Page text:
by Anton Shilov
09/14/2010 | 10:49 PM
Even though slate-type personal computers can allow reading electronic books and support a number of other capabilities, they will not destroy the market of specialized electronic book readers or kill the product category. According to analysts, e-book readers will reach 35 million annual unit shipments by 2014, which is up from the previous forecast.
In-spite the potential impact that the tablet PC market may have on the standalone e-reader market, e-reader shipments will grow from 12 million units by the end of this year, to 35 million in 2014, according to In-Stat market research firm. Earlier this year the company predicted 10 million e-book readers to be supplied in 2010 and 28.5 million devices to be shipped in 2013. At the same time, In-Stat also increase its prediction of slates shipments: the firm now expects approximately 58 million of tablets to ship in 2014.
"Tablet PC shipments are taking off, fueled in particular by the Apple iPad introduction. Yet, there will still be a revenue opportunity for e-reader suppliers and OEMs since tablet PCs and e-readers target different consumers. Standalone e-readers will address the needs of avid readers, to whom the reading experience is central. Tablets are better suited for consumers who prefer a stronger multimedia experience, and only light reading," said Stephanie Ethier, a senior analyst at In-Stat.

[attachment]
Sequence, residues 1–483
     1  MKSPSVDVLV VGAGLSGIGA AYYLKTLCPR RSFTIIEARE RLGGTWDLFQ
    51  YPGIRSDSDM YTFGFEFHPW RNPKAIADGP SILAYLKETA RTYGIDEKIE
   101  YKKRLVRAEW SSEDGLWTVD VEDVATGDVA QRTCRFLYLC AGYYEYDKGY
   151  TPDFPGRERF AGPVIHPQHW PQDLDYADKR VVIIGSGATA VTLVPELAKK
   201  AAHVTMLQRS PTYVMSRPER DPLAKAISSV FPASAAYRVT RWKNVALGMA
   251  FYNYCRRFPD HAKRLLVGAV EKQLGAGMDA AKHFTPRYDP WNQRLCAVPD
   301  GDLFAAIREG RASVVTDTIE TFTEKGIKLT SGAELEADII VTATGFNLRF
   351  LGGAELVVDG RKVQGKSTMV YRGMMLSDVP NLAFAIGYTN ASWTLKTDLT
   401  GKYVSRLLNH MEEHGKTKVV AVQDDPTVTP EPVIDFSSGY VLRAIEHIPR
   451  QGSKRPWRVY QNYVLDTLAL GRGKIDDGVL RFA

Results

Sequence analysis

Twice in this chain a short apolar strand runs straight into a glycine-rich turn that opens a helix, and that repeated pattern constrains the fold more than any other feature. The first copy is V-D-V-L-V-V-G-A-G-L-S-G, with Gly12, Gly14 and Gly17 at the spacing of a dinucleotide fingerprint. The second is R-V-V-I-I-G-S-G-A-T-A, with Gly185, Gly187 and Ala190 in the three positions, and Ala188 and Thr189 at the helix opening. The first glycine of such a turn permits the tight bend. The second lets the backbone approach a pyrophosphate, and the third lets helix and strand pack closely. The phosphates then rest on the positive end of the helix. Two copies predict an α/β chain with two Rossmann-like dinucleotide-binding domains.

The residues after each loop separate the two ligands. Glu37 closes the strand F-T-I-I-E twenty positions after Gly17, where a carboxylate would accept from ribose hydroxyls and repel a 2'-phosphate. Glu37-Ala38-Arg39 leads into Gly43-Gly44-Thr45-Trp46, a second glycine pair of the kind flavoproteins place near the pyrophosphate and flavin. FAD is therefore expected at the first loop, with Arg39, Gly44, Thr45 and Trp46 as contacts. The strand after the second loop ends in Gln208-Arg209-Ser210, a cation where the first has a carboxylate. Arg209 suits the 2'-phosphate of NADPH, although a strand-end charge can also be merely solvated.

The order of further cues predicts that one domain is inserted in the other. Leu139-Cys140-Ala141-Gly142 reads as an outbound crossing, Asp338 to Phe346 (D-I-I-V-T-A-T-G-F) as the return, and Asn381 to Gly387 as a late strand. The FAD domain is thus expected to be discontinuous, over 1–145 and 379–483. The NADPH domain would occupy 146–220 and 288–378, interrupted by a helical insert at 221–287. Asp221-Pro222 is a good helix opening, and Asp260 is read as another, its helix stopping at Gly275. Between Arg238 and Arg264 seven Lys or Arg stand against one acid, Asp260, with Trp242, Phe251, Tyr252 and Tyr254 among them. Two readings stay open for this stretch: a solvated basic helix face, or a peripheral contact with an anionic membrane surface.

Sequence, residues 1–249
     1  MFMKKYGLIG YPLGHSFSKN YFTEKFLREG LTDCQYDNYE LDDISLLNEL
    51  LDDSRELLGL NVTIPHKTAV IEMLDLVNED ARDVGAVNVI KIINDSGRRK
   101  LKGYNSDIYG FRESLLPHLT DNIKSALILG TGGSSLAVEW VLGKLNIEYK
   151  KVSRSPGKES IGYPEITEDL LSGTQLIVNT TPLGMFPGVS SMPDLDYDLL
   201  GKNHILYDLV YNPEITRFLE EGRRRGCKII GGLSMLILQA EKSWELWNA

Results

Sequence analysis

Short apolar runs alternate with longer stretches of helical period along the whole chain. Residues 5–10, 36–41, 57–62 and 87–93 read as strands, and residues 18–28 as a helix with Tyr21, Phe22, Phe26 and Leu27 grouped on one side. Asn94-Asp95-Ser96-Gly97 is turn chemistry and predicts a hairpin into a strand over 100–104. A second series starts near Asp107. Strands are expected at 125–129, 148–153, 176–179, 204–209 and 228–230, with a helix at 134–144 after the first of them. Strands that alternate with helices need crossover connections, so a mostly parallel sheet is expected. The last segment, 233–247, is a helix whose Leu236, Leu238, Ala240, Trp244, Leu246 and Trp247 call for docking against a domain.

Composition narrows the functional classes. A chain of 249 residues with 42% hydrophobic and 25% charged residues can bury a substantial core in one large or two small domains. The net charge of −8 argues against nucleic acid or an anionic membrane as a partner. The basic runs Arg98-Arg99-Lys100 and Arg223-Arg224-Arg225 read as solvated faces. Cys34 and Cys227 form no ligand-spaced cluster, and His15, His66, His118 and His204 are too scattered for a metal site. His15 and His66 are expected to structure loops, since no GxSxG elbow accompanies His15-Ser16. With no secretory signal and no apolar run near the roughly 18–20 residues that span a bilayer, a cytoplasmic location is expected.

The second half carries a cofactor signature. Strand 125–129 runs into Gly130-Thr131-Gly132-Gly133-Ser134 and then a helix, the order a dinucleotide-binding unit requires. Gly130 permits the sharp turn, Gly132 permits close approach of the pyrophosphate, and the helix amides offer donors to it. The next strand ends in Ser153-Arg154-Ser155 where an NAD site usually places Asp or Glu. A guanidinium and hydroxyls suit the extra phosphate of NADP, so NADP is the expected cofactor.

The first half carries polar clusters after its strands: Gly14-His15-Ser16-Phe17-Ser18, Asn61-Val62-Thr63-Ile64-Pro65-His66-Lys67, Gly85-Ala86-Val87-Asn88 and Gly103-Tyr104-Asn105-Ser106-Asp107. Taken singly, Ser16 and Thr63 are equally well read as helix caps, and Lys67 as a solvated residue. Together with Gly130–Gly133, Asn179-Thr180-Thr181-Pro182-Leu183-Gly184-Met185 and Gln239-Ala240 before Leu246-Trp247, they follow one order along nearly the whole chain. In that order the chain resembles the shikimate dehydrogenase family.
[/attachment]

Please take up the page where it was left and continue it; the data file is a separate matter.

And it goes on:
The market tracking firm predicts that e-book reader price points will continue to fall over the remainder of 2010, with a $99 model likely available in time for the holiday season.
The semiconductor total available market for e-book reader suppliers will exceed one billion dollars in 2011.
Among the semiconductor devices used in e-readers, the processor ASP will be the most resilient over the forecast period, only declining 18% from 2009 to 2014. Despite significant increases in NAND flash densities, the dollar value of Flash declines 60% over the same period.